The thyroid is a butterfly-shaped gland located in the front of the neck. It produces hormones that control metabolism. Pregnancy hormones can affect thyroid hormones. Untreated thyroid disorders in pregnancy increase the risk of pregnancy complications. It may cause harm to the developing fetus. There are two types of thyroid disorders:
- Hypothyroidism —the thyroid gland does not produce enough thyroid hormone
- Hyperthyroidism —the thyroid gland produces too much thyroid hormone
Hashimoto’s disease is the most common cause of hypothyroidism. The immune system attacks the thyroid gland. Other causes of hypothyroidism in pregnancy include:
- Inadequate treatment of pre-existing hypothyroidism
- Overtreatment of hyperthyroidism with antithyroid medicines
- Increased estrogen levels causes circulating thyroid hormone to become inactive
Graves’ disease is characterized by overactivity of the thyroid. It is the most common cause of hyperthyroidism. Another cause of hyperthyroidism in pregnancy is very high levels of human chorionic gonadotropin (hCG). However, cases of high hCG can resolve on their own.
If you have any of these symptoms, do not assume it is due to a thyroid disorder. These symptoms may be caused by other conditions. Tell your doctor if you have any of these:
- Symptoms of hypothyroidism:
Symptoms of hyperthyroidism:
- Unexplained weight loss
- Heart palpitations or abnormal heart rhythm
- Protruding eyes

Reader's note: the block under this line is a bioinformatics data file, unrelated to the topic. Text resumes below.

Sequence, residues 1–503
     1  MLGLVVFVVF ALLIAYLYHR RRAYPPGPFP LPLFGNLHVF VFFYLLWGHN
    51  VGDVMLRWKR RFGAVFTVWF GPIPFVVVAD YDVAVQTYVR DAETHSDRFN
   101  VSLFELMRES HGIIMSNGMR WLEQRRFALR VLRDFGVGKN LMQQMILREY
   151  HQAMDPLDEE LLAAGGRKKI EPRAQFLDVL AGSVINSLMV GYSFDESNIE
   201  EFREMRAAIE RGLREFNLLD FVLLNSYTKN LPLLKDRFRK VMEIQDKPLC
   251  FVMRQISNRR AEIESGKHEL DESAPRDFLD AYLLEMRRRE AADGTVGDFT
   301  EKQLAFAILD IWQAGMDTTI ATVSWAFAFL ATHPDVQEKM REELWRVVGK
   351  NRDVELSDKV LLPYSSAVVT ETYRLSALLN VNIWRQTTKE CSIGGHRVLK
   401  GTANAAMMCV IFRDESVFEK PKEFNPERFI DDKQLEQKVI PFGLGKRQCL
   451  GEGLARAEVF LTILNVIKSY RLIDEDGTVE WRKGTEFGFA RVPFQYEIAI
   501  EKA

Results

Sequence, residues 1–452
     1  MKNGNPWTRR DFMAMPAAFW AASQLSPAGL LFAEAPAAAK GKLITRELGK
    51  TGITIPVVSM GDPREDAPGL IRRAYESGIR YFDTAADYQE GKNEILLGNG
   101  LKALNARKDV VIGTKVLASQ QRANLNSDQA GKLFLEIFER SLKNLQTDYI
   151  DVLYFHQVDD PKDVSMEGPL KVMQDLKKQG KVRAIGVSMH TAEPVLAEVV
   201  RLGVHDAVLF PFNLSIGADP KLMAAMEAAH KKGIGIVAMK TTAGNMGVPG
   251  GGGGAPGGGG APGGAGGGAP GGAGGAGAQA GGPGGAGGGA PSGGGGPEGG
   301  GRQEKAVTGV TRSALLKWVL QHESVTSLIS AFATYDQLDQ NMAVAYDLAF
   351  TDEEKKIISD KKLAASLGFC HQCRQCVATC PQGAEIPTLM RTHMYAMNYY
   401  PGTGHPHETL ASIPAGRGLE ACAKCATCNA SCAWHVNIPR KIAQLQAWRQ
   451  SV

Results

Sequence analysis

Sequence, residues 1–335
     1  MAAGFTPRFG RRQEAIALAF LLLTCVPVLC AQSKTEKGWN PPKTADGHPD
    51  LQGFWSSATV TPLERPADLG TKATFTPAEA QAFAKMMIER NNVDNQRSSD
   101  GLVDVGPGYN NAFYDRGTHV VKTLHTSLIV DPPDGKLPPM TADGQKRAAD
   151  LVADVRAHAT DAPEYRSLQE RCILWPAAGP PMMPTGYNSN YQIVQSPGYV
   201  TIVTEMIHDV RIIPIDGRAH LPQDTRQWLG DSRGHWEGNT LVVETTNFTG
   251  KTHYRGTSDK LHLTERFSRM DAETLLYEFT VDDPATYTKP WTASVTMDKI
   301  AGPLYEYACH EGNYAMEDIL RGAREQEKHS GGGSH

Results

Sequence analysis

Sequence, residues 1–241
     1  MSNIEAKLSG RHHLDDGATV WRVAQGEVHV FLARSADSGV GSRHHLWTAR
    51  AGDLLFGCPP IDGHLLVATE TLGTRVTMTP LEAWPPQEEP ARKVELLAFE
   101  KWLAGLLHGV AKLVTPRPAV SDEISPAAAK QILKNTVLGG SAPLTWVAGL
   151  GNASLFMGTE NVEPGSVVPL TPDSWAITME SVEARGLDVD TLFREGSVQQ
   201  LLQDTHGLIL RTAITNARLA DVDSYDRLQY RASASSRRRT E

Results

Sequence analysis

- Intolerance to heat
Your doctor will ask about your symptoms and medical history. A physical exam will be done. You may be referred to a doctor who specializes in hormone disorders (endocrinologist).
Your doctor may need to test your body fluids. This can be done with blood tests.
Your doctor may need to scan your thyroid to determine whether it is overactive. This can be done with a radioactive scan of the thyroid.
Untreated hypothyroidism in pregnancy can:
- Increase the risk of miscarriage and fetal death
- Negatively impact the child’s psychological development, IQ score, motor skills, attention, language, and reading abilities
To treat hypothyroidism, your doctor will prescribe an oral medicine. Levothyroxine can replace the hormone your thyroid is not producing.
Untreated hyperthyroidism in pregnancy is associated with:
- Fetal tachycardia (fast heart rate)
- Babies that are small for gestational age
- Fetal hyperthyroidism
- Congenital malformations
Mild hyperthyroidism during pregnancy is often monitored closely without therapy. In some cases, you may need to take medicine. If antithyroid medicines do not work, surgical removal of your thyroid gland may be done. It is rarely recommended during pregnancy. Treatment with radioiodine destroys the thyroid gland. It is not done during pregnancy because of risk to the fetus.
Hormones associated with pregnancy can cause changes in thyroid hormone levels. Therefore, your medicine needs may vary during pregnancy. Your doctor will likely check your blood levels of thyroid hormone every 6-8 weeks during pregnancy and four weeks after your medicine dose is changed.
There are no known guidelines to prevent thyroid disorders in pregnancy. If you think you are at risk for this disorder, talk to your doctor.
- Reviewer: Andrea Chisholm
- Review Date: 11/2012 -
- Update Date: 11/26/2012 -